I’m in the little-known town of Rakvere, Estonia, about an hour east of Tallinn. With four hours until my bus to Kärde, I’ve already walked around the castle, eaten a dill-laced lunch on a sunny patio, and played FreeCell on my phone in the bus station to kill time. So in case you’re wondering, no, it’s not a stop I’d particularly recommend unless you really, really love castles with workers dressed in period costumes. Maybe I should have paid the money to go in; after all, it is a pretty cool castle. See? But I’m just eager to be on my way to Kärde.
What’s in Kärde that merits a 4-hour stopover in Rakvere, you may ask? Well I’ll tell you: I’m going for a camper. A 14-footer, just like the one I used to own in Santa Fe. I loved my camper so much; I hauled it all over the American West before I sold it along with everything else for this overseas adventure. So when a camper photo appeared in my AirBnB search, with its own little patio complete with bean-bags and a tiny lantern-topped table, it made me all googley-eyed: I knew I had to stay in this camper on a farm outside the little town of Kärde.
But first I must buy my bus ticket.
Back at the ticket window, I hold up one finger to indicate one passenger while saying the name of my destination — Kärde — just like it looks: “Car-day.” The woman at the counter looks at me blank-faced, as if I’d just asked her for a trip to outer space. I try again with a slightly different e sound: “Car-deh?” and she regretfully scrunches her eyebrows and shakes her head. After a few moments of thought, she rummages on her desk for a slip of paper and a pen that she pushes across the counter, miming: write it down. I happily comply: K-a-r-d-e. No dice.
A colleague arrives to assist; they stand in front of the computer shaking their heads like hapless magicians failing to conjure my desired destination. I feel a slight stirring of anxiety — why don’t they know this town? Did I get my directions wrong? — but now I let my good friend Google Maps attempt to clear things up. As I show my phone to the nice bus lady, her concerned face relaxes into a smile: “Oh, Karrrrrrrde!” she exclaims with a rolled-r flourish.
The bus driver squints at my ticket as I board a few hours later. “Karrrrrde?” he asks, moving his eyes to my face and back at the ticket as if he’s a) never heard of it, or b) can’t quite process the fact that anyone would stop there. I nod, he shrugs as if to say ok, it’s your funeral, and I find my seat. I start to wonder what I’ve gotten myself into.
Paying close attention to the route seems unnecessary since the bus is stopping in town squares. I’ll just check Maps on my phone as we approach each town, I decide while settling in to read a book. Which is why I nearly miss my destination: we roll to a stop smack-dab in the middle of rural farming area with nary a building in sight. An elderly woman climbs aboard carrying a fabric shopping bag; I glance out the window and see the sign: Kärde. Crap. I quickly gather my things and make my way towards the door. The woman and the bus driver both dish out the are you sure you want to get off here? expression; no need for translation. “Karrrrde?” I ask with the proper R roll. Yes, they nod.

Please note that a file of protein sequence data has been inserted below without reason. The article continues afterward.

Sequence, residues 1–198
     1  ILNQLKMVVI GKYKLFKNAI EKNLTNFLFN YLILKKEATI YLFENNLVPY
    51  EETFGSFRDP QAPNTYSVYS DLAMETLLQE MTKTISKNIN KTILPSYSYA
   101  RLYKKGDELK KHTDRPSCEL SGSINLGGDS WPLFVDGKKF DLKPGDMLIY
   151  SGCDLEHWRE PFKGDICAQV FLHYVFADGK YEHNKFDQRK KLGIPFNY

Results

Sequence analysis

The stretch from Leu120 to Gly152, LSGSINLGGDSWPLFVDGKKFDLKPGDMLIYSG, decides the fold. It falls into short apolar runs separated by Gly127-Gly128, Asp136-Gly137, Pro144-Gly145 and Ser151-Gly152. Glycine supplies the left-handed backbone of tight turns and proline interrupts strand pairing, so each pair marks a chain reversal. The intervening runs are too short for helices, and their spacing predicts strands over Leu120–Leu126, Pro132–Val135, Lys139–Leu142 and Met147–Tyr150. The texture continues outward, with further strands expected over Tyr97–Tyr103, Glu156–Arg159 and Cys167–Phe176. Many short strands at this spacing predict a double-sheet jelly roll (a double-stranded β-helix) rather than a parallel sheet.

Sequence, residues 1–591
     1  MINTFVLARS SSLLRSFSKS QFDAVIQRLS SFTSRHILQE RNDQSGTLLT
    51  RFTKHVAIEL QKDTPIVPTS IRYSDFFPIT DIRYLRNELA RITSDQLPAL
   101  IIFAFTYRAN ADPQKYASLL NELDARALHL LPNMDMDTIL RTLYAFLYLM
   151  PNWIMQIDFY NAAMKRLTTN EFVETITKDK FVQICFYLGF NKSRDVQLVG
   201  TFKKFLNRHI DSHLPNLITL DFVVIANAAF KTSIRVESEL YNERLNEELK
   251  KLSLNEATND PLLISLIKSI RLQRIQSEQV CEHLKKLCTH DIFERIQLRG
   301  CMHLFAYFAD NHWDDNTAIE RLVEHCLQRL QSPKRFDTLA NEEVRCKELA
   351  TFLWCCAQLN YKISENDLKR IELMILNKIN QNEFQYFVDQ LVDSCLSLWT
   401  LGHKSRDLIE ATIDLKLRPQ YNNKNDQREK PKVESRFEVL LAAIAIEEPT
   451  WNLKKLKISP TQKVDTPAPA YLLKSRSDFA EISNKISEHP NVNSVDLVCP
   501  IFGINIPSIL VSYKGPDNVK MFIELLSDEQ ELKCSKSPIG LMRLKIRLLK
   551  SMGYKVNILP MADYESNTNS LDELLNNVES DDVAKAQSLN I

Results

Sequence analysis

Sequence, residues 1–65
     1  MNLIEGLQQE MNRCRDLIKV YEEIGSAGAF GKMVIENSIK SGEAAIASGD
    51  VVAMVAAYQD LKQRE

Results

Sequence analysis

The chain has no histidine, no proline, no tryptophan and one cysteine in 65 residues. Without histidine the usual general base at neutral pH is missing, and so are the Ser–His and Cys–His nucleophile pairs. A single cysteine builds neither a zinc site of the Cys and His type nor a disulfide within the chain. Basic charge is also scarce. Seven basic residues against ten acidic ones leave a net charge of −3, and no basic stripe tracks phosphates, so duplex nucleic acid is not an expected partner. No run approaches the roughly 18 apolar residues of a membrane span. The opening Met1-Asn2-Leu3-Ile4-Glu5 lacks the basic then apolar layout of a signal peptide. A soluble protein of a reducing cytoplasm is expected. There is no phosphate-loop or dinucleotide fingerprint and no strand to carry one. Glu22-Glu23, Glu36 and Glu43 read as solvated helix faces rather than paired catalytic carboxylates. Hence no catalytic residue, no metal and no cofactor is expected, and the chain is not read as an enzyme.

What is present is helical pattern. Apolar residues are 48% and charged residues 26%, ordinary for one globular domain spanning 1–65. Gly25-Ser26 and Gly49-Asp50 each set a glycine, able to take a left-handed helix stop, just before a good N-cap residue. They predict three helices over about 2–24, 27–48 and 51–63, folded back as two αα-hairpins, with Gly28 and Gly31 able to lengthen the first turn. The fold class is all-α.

The bus rolls away, leaving me standing by a lone bus shelter and endlessly rolling pasture. I close my eyes, smile, and breathe in the clean scent of earth, sunlight, and the color green. A curious bee bids me welcome as I strip off my vest, sweating, and check my phone. Yay for GPS in middles of nowhere, I whisper the technology gods, rolling my grey carry-on suitcase 1.2 miles — along a side road through a tree grove and past a few houses, a boarded-up shop, a crumbling historical building where the Treaty of Cardis was signed in 1661, and more rolling fields dotted with plump cows — until I reach my destination: Sunwell Farms bed & breakfast.
It’s perfect. I just wish they’d told me ahead of time that the nearest grocery store was three miles away. I drop my bags in my little camper and set out on another long walk.
It’s here that I realize how essential it is for me to dip into nature on a regular basis; wide-open space is like medicine, a balm for an overactive brain that can easily feel overwhelmed. With a few exceptions, the cities are all starting to blend together; it’s the smaller towns and the out-of-the-way places that are beckoning me. I remember escaping to gaze at the corn fields when I was in high school in Fort Worth, Texas, grateful for the newfound freedom of a drivers license. And now I find myself doing the same thing: relaxing on my bean bag chair, watching the sun set over fields of lavender, allowing the sediment of thought to settle and drop away. Only stillness and clarity remain.
Lest I forget the other reason I came to Karde: the nearby Endla Nature Preserve and Männikjärve bog study trail. It took a couple hours to walk the full trail one morning, appreciating the golden light and shadow in this northern latitude in mid-summer.
I spent four days in this quiet refuge around Karde, refueling before my journey to Tartu, Estonia.
Tartu, a charming university town in the southern part of Estonia, was simply a place to rest my head en route to Riga. I was delighted to find a few spots that captivated me beyond the lovely town center. It’s worth paying admission to climb the stairs of the 13th century Tartu Cathedral for both the history and the views.
I also spent a couple hours wandering the extensive grounds of the botanical gardens. A good chunk of that time was spent determinedly trying to get an action shot of the bees; below is my best attempt: a bee butt. Better than nothing.